Voters back Labor over public services as unions blame Tories for ‘months of misery’ | Public service policy

More than twice as many voters now trust Labor to improve public services than the Conservatives after the government finally backed down and agreed an improved pay deal for NHS workers aimed at ending damaging health sector strikes.

The latest Opinium poll Watcher shows just 17% of people back the Tories over public services, compared to 43% who would prefer Labor to run them, after the government came out with an expanded offer last week.

The findings, which reinforce the view that ministers have lost the battle for public opinion over the NHS strikes, come as the health unions’ chief negotiator accused the Treasury and No 10 of for months, as he he says, has caused avoidable misery for patients and workers. , and called for a total overhaul of how the NHS pays.

Query table

As ministers back down, teaching unions are also taking part in talks aimed at ending strikes that closed thousands of schools last week, Unison’s head of health Sarah Gorton said. Watcher that the public and NHS staff had suffered an “intolerable situation” which must never be allowed to happen again.

“This dispute could be resolved in the fall. But for months the government refused to talk about pay, insisting another pay rise for NHS staff was out of reach and out of the question.

“This failure to act sooner has cost healthcare workers significant lost pay in the strike days and means unnecessary disruption to the public and an already strained NHS,” Gorton said.

He said that ideally, the system of wage review bodies, whose members are appointed by the government to recommend public sector wage increases, should be completely replaced, both to speed up the process and to avoid political influence.

“There has to be a better way of doing things,” he said, adding that it had been clear for months that Health Secretary Steve Barclay wanted to offer more to NHS staff but had been blocked by No 10 and the Treasury.

“Complete renovation is necessary. “The ideal is to move to annual negotiations, perhaps less frequently in more stable economic times, involving government, employers and unions,” Gorton said.

“It’s time to learn the lessons, take politics out of NHS payment regulation and find a better way to reward healthcare workers who do so much.”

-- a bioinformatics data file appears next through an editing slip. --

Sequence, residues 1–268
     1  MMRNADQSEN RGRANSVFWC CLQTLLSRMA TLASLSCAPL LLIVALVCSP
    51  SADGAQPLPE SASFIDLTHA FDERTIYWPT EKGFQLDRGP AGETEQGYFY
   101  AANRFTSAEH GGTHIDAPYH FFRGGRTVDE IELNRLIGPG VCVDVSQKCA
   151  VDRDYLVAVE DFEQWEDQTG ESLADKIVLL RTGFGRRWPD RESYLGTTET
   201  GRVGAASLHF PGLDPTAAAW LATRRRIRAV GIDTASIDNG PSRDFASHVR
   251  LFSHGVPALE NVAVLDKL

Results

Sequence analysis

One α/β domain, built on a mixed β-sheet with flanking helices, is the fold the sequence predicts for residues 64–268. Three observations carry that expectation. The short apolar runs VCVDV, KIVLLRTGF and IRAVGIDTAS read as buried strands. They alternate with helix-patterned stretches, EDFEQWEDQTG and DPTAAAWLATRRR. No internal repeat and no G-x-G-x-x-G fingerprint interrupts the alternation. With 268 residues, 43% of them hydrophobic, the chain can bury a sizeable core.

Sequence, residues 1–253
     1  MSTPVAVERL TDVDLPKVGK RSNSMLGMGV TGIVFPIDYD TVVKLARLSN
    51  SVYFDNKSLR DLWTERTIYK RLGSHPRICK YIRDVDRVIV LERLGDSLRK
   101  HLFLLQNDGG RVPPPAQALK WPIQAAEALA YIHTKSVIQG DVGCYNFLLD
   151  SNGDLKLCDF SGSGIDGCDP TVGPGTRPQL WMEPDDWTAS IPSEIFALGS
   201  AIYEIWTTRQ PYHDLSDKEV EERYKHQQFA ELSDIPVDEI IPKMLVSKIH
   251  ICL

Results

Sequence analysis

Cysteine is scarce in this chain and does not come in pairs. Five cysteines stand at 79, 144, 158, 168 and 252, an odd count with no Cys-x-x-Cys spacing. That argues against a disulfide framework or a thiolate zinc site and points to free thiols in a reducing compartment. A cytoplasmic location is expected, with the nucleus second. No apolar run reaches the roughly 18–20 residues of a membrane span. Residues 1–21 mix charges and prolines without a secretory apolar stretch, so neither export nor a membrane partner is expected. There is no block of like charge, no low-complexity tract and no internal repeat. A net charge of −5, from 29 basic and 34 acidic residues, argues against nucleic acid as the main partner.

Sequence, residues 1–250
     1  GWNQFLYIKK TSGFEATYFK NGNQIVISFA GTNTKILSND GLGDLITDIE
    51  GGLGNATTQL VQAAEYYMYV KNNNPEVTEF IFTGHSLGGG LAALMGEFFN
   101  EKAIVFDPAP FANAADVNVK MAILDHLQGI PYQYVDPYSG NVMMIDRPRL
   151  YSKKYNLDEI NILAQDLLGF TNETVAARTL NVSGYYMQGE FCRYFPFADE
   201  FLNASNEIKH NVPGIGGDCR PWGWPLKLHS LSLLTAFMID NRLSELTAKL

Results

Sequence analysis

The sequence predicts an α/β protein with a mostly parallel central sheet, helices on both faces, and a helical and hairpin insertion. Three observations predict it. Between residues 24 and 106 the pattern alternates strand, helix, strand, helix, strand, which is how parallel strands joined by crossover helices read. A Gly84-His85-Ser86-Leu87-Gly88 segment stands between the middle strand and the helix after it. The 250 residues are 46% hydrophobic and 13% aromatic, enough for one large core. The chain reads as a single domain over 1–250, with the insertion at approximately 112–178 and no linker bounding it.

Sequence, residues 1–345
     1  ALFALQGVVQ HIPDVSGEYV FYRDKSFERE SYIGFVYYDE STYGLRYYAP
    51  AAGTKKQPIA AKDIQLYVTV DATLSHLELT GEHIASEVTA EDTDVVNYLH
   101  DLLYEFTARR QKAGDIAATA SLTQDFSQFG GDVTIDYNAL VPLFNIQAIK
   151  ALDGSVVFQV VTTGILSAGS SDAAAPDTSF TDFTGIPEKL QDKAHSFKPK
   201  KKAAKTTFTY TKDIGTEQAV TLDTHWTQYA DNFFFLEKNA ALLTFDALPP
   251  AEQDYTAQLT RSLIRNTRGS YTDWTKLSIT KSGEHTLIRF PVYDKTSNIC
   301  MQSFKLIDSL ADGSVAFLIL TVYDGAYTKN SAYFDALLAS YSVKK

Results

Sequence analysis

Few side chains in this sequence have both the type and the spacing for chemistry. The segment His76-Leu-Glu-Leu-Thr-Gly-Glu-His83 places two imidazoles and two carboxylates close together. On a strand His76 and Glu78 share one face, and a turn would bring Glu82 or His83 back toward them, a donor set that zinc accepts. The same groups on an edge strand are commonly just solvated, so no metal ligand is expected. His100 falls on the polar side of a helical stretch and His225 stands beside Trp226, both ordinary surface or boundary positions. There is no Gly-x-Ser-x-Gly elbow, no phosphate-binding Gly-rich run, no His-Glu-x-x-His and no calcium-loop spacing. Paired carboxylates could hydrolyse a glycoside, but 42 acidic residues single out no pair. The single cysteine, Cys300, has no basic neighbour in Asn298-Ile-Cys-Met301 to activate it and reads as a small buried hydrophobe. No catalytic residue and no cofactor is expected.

Insisting they would not improve on NHS pay review body recommendations, ministers announced a one-off bonus for NHS workers of up to 8.2%. Most health unions have decided to take the offer, which also includes a permanent 5% pay rise from April, with the lowest paid getting a bigger increase for their members.

However, there is still uncertainty over whether chancellor Jeremy Hunt, who did not mention an improved proposal in last week’s spring budget, is able to find the extra money, or whether it should come from NHS efficiency savings. Government sources said that discussions are ongoing. “It could be that some of it is extra money and some of it is efficiency. These are questions to be decided.” Current Treasury budgets allowed only 3.5% as recommended by the wage review body.

Attention will now turn to negotiations between teaching unions and Education Secretary Gillian Keegan. The National Education Union went on strike for two days in England last week, but said it would “establish a period of calm for two weeks” and not announce further strikes while negotiations continue.

While teaching unions will want an offer comparable to NHS workers, there will be extra cash for health staff due to the pandemic, which ministers may argue should not be duplicated for teachers.

In a further sign that the government will come under fresh pressure to increase pay offers to striking workers, RMT general secretary Mick Lynch urged transport ministers on Saturday to show the same “change of attitude” as their health counterparts. RMT members of 14 train operators were on strike again on Saturday as part of a long-running dispute over work, pay and conditions.

Workers at the Passport Office announced plans to strike for five weeks on Friday in an escalation of their dispute over work, pay and conditions. More than 1,000 members of the Public and Commercial Services Union at passport offices in England, Scotland and Wales will take part in the campaign between April 3 and May 5.

But with the government now keen to end the spate of strikes, the British Medical Association also hopes to start talks soon over pay for junior doctors. The BMA has asked for a 35% pay rise to offset real term cuts since 2008-09, which Barclay described as “unaffordable”.

Source link